Definition of Gas phlegmon
1. Noun. (pathology) a deadly form of gangrene usually caused by clostridium bacteria that produce toxins that cause tissue death; can be used as a bioweapon.
Category relationships: Pathology
Generic synonyms: Gangrene, Slough, Sphacelus
Medical Definition of Gas phlegmon
Gas Phlegmon Pictures
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Lexicographical Neighbors of Gas Phlegmon
Literary usage of Gas phlegmon
Below you will find example usage of this term as found in modern and/or classical literature:
1. Abstracts of War Surgery: An Abstract of the War Literature of General by United States Surgeon-General's Office, Surgeon-General's Office, United States (1918)
"If a gas phlegmon is recognized early and free incisions made, gangrene can be ... Of course most of the cases of gas phlegmon, and the severest ones, ..."
2. Progressive Medicine by Hobart Amory Hare (1901)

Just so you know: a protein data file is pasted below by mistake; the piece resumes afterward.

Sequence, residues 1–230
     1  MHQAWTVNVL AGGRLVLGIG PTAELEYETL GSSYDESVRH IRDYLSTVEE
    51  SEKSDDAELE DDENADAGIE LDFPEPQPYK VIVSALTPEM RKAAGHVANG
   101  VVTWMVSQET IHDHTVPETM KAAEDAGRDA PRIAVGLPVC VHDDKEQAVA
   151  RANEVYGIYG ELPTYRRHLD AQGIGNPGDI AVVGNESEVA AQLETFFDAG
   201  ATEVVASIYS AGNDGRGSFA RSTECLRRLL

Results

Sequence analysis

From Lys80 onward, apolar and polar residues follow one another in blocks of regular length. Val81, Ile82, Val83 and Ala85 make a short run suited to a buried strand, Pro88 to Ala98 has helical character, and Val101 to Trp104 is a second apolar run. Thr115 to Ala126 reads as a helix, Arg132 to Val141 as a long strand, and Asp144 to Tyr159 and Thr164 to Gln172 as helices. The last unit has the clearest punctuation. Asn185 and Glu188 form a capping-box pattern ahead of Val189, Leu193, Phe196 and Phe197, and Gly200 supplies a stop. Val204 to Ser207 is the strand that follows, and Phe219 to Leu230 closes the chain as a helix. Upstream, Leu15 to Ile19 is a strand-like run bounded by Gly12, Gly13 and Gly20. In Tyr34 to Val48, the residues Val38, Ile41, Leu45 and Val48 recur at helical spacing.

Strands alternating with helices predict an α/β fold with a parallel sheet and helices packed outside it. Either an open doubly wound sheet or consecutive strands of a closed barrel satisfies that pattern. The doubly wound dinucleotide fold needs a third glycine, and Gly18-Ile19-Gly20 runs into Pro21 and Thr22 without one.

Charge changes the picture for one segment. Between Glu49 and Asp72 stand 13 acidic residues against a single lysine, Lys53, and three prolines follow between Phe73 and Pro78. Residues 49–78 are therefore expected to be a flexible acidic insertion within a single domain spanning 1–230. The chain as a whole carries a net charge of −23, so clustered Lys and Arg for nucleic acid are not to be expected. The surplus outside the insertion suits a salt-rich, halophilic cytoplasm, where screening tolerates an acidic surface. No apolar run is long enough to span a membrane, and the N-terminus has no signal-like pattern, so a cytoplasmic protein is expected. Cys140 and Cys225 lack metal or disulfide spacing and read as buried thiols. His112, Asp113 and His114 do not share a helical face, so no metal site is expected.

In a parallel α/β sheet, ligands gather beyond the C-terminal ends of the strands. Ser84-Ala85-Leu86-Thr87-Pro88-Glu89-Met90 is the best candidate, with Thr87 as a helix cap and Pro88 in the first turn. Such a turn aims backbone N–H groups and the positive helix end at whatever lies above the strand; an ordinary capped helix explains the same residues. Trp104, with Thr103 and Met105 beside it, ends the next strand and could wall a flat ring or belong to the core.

"Howard thinks that perhaps the bacillus described by him may be the cause in some of the cases of gas phlegmon. The careful bacteriological work of Schat- ..."
3. Surgery, Gynecology & Obstetrics by The American College of Surgeons, Franklin H. Martin Memorial Foundation (1921)
"... and gas phlegmon show transition stages and the same causative agent both clinically and in pathological anatomy. The clinical course depends not only ..."
4. Commemoration Volume by American Medical Association (1915)
"gas phlegmon There are many related bacteria which when introduced through ... The Stolz bacillus, found in a case of gas phlegmon following a fracture. ..."
5. A Text-book of bacteriology by George Miller Sternberg (1896)
"In guinea-pigs subcutaneous inoculation gives rise to the development of a gas phlegmon, and usually to the death of the animal. Not pathogenic for mice or ..."
6. Transactions of the Annual Meeting by Ohio State Medical Society (1902)
"Bacteriologic examination showed a pure culture of bacterium coli in the cellular tissue, which would demonstrate that gas-phlegmon might also be due to ..."
7. General Pathology; from the 11th Rev. German Ed. by Ernst Ziegler, Douglas Symmers (1918)
"Gas-phlegmon in man occurs most frequently after severe injuries, 'or example, compound and complicated fractures, but may also proceed 'rom small wounds. ..."